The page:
Keith Doster Thanks for the resource!
 

Jeff Salmon

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Apr 11, 2002
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These kinds of little problems can get very frustrating to diagnose, especially when not actually able to see the clock in operation. (Send it to me in a padded envelope:)). If the bearings are in fine shape as was told to you, the clock would have to have been completely dis-assembled to fit new bearings. The clock movement would not be so tarnished as it is now. I wonder if the bearings are still good. Not in my experience with that level of tarnish. For the sake of argument, however, let's say that some of the bearings were replaced and the movement was assembled somewhat incorrectly. The technician for the set up might say that the bearings look ok, but he/she does not have the time to watch the clock operate for several hours/days to see if there are other potential problems. All of us who have repaired clocks know that these situations can happen. You can PM me if you care to.

Your description of the hammer being 'in the primed position' needs to be clarified. If the hammer gets into the 'primed' position after it has clearly counted out the hours, then the cylinder with the pins is not set up correctly. The hammer tail, that is lifted by the pin on the cylinder is not clearing (or the pin is bent). If the hammer gets slightly lifted by the pin just before the strike then the 'warning' (a clock term) is too long. These clocks need to have a very short warning so the cylinder does not travel too far just before the melody plays. Sometimes, there are some bent pins on the cylinder.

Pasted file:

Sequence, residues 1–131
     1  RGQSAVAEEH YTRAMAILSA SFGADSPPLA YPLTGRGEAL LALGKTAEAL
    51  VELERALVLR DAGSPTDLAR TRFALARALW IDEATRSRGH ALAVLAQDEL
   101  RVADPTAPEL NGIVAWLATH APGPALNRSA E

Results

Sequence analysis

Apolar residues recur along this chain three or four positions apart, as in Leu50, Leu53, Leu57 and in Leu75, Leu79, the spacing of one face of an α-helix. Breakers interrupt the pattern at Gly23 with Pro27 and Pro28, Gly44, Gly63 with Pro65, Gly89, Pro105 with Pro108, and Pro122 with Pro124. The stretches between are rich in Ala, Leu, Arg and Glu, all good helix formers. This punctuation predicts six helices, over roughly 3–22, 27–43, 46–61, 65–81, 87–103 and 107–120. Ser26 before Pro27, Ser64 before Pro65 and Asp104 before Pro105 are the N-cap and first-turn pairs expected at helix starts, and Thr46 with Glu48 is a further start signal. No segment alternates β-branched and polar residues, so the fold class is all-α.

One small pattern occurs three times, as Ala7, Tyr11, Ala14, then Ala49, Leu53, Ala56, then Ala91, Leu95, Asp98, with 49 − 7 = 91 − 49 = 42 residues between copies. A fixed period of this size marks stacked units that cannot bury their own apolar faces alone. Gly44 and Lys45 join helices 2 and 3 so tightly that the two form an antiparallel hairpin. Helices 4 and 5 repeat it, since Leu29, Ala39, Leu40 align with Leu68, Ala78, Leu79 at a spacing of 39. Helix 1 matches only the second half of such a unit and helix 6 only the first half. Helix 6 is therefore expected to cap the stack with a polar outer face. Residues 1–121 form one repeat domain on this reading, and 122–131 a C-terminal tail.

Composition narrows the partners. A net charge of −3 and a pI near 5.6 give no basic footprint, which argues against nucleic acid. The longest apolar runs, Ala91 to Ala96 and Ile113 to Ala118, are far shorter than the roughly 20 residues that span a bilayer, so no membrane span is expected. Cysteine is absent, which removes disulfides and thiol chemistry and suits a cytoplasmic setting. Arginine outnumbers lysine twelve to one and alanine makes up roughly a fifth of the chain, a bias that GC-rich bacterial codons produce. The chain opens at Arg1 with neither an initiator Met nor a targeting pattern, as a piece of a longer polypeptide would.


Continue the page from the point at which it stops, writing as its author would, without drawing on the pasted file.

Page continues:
Time Lord

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May 17, 2022
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These kinds of little problems can get very frustrating to diagnose, especially when not actually able to see the clock in operation. (Send it to me in a padded envelope:)). If the bearings are in fine shape as was told to you, the clock would have to have been completely dis-assembled to fit new bearings. The clock movement would not be so tarnished as it is now. I wonder if the bearings are still good. Not in my experience with that level of tarnish. For the sake of argument, however, let's say that some of the bearings were replaced and the movement was assembled somewhat incorrectly. The technician for the set up might say that the bearings look ok, but he/she does not have the time to watch the clock operate for several hours/days to see if there are other potential problems. All of us who have repaired clocks know that these situations can happen. You can PM me if you care to.